Judge What was that knock?
Counsel It means 'yes' m'lud. One knock for 'yes', and two knocks for 'no'. If I may continue? Mr Aldridge, would it be fair to say that you are not at all well? (from the coffin comes a bang) In fact Mr Aldridge, not to put too fine a point on it, would you be prepared to say that you are, as it were, what is generally known as, in a manner of speaking, 'dead'? (silence, counsel listens;) Mr Aldridge I put it to you that you are dead. (silence) Ah ha!
Judge Where is all this leading us?
Counsel That will become apparent in one moment m'lud. (walking over to coffin) Mr Aldridge are you considering the question or are you just dead? (silence) I think I'd better take a look m'lud. (he opens the coffin and looks inside for some time; then he closes the coffin) No further questions m'lud.
Judge What do you mean, no further questions? You can't just dump a dead body in my court and say 'no further questions'. I demand an explanation.
Counsel There are no easy answers in this case m'lud.
Judge I think you haven't got the slightest idea what this case is about.
Counsel M'lud the strange, damnable, almost diabolic threads of this extraordinary tangled web of intrigue will shortly m'lud reveal a plot so fiendish, so infernal, so heinous ...
Judge Mr Bartlett, your client has already pleaded guilty to the parking offence.
Counsel Parking offence, schmarking offence, m'lud. We must leave no stone unturned. Call Cardinal Richelieu.
Judge Oh, you're just trying to string this case out. Cardinal Richelieu?
Counsel A character witness m'lud.
Fanfare of trumpets. Cardinal Richelieu enters witness box in beautiful robes.
Cardinal 'Allo everyone, it's wonderful to be 'ere y'know, I just love your country. London is so beautiful at this time of year.
Counsel Er, you are Cardinal Armand du Piessis de Richelieu, First Minister of Louis XIII?
Cardinal Oui.
Counsel Cardinal, would it be fair to say that you not only built up the centralized monarchy in France but also perpetuated the religious schism in Europe?
Cardinal (modestly) That's what they say.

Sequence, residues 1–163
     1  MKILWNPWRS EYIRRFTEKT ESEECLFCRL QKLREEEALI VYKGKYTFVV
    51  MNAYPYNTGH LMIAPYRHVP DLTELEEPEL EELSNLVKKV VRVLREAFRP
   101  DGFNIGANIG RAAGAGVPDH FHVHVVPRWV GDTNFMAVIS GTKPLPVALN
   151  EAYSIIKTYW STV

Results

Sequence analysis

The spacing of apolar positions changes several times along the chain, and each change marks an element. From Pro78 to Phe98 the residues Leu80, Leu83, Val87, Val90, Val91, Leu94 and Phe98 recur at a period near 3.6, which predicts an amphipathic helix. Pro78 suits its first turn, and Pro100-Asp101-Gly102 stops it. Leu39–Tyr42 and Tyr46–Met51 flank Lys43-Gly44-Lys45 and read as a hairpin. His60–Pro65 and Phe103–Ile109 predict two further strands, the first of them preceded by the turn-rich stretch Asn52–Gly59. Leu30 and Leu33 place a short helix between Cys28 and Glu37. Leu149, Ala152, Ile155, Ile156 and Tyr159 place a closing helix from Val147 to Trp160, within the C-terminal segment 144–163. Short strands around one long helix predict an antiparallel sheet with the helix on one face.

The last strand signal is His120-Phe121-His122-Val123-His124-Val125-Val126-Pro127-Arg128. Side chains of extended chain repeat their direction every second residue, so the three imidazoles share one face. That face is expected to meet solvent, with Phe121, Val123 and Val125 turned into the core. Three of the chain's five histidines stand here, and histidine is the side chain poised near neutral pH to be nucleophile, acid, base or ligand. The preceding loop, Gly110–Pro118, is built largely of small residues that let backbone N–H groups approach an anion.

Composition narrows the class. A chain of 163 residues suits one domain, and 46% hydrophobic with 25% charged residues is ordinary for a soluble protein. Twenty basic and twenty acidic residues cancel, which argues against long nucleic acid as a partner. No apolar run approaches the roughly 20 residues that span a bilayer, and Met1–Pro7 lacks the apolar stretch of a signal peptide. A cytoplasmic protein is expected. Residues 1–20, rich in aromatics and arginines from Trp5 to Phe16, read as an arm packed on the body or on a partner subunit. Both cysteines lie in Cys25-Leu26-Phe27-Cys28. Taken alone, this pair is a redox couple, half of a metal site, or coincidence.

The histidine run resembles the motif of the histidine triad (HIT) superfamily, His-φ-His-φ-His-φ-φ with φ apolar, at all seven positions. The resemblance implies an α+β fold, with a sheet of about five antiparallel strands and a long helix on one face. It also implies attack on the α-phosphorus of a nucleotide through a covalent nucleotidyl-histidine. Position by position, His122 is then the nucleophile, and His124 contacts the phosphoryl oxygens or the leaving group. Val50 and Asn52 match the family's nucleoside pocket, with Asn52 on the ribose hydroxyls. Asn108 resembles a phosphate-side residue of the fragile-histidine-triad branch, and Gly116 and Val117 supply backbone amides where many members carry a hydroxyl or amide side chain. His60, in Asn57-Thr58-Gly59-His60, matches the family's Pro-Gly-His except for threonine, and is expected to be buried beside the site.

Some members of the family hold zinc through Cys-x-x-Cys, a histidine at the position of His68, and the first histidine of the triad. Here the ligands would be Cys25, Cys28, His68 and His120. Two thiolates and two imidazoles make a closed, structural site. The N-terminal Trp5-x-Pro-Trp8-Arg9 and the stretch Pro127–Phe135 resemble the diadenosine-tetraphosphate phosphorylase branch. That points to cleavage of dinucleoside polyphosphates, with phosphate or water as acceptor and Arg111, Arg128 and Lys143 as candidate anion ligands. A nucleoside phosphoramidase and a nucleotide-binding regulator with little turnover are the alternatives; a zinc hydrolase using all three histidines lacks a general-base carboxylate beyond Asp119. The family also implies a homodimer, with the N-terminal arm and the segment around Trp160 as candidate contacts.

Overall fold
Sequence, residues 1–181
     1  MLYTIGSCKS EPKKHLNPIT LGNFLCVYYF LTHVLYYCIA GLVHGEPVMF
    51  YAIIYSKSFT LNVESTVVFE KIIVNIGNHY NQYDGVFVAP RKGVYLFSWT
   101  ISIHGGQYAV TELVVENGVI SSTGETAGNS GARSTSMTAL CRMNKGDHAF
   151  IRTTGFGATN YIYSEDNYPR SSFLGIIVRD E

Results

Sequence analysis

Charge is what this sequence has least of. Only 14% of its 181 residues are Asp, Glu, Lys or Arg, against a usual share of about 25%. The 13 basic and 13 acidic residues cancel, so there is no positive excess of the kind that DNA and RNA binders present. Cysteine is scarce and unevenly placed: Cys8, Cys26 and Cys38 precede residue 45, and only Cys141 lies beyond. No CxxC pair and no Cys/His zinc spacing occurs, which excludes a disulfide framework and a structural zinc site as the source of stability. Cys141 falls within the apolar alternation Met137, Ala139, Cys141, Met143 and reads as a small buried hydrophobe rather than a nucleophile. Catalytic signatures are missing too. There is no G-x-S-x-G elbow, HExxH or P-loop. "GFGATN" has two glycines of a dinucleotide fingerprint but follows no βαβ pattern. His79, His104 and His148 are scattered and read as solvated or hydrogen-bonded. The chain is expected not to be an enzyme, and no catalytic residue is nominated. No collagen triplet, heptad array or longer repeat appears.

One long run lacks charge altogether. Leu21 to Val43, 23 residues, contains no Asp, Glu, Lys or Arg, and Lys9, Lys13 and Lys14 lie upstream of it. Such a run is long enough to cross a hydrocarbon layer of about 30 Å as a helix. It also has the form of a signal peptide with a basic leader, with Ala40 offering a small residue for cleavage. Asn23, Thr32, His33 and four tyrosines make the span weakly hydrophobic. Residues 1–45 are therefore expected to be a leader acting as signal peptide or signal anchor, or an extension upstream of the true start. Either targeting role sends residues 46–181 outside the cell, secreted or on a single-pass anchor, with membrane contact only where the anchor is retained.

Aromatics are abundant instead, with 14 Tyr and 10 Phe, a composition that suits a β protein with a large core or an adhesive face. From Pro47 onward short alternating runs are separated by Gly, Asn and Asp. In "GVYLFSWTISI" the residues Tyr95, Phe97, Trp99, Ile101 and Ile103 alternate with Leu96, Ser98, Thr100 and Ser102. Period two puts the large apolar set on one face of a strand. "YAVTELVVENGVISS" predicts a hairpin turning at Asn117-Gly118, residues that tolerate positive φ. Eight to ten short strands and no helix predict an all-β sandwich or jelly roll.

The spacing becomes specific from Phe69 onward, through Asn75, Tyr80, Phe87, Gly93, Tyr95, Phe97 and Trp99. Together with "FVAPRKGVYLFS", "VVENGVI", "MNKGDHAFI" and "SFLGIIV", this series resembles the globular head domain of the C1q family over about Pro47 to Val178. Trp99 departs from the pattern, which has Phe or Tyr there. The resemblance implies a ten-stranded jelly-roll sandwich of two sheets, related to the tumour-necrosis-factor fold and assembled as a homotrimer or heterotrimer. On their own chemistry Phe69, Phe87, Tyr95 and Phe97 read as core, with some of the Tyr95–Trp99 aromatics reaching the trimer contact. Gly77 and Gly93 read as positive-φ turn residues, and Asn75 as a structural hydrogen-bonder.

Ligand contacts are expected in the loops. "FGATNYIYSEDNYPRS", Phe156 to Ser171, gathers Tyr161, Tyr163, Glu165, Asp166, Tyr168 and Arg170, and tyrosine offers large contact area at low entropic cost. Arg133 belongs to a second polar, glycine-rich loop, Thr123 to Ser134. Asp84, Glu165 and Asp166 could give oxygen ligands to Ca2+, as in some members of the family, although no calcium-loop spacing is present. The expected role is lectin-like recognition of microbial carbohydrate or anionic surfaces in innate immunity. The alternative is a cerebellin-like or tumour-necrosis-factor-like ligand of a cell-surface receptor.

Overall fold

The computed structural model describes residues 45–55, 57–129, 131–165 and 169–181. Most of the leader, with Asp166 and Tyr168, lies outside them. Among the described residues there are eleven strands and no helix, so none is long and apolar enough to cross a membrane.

Counsel Did you persecute the Huguenots?
Cardinal Oui.
Counsel And did you take even sterner measures against the great Catholic nobles who made common cause with foreign foes in defence of their feudal independence?
Cardinal I sure did that thing.
Counsel Cardinal. Are you acquainted with the defendant, Harold Larch?
Cardinal Since I was so high (indicated how high).
Counsel Speaking as a Cardinal of the Roman Catholic Church, as First Minister of Louis XIII, and as one of the architects of the modern world already - would you say that Harold Larch was a man of good character?
Cardinal Listen. Harry is a very wonderful human being.
Counsel M'lud. In view of the impeccable nature of this character witness may I plead for clemency.
Judge Oh but it's only thirty shillings.
Enter Inspector Dim.
Dim Not so fast!
Prisoner Why not?
Dim (momentarily thrown) None of your smart answers ... you think you're so clever. Well, I'm Dim.
A caption appears on the screen 'DIM OF THE YARD'
Omnes (in unison) Dim! Consternation! Uproar!
Dim Yes, and I've a few questions I'd like to ask Cardinal so-called Richelieu.
Cardinal Bonjour Monsieur Dim.
Dim So-called Cardinal, I put it to you that you died in December 1642.
Cardinal That is correct.
Dim Ah ha! He fell for my little trap.
Court applauds and the Cardinal looks dismayed.
Cardinal Curse you Inspector Dim. You are too clever for us naughty people.
Dim And furthermore I suggest that you are none other than Ron Higgins, professional Cardinal Richelieu impersonator.
Cardinal It's a fair cop.
Counsel My you're clever Dim. He'd certainly taken me in.
Dim It's all in a day's work.
Judge With a brilliant mind like yours, Dim, you could be something other than a policeman.
Dim Yes.
Judge What?
Piano starts playing introduction.
Dim (singing)
If I were not in the CID
Something else I'd like to be
If I were not in the CID
A window cleaner, me!
With a rub-a-dub-dub and a scrub-a-dub-dub
And a rub-a-dub all day long
With a rub-a-dub-dub and a scrub-a-dub-dub
I'd sing this merry song!
He mimes window cleaning movements and the rest of the court enthusiastically mimes and sings the chorus again with him. When the chorus verse ends the counsel enthusiastically takes over but this time the court all sit and watch him as though he has gone completely mad.
Counsel (Singing)
If I were not before the bar
Something else I'd like to be
If I were not a barr-is-ter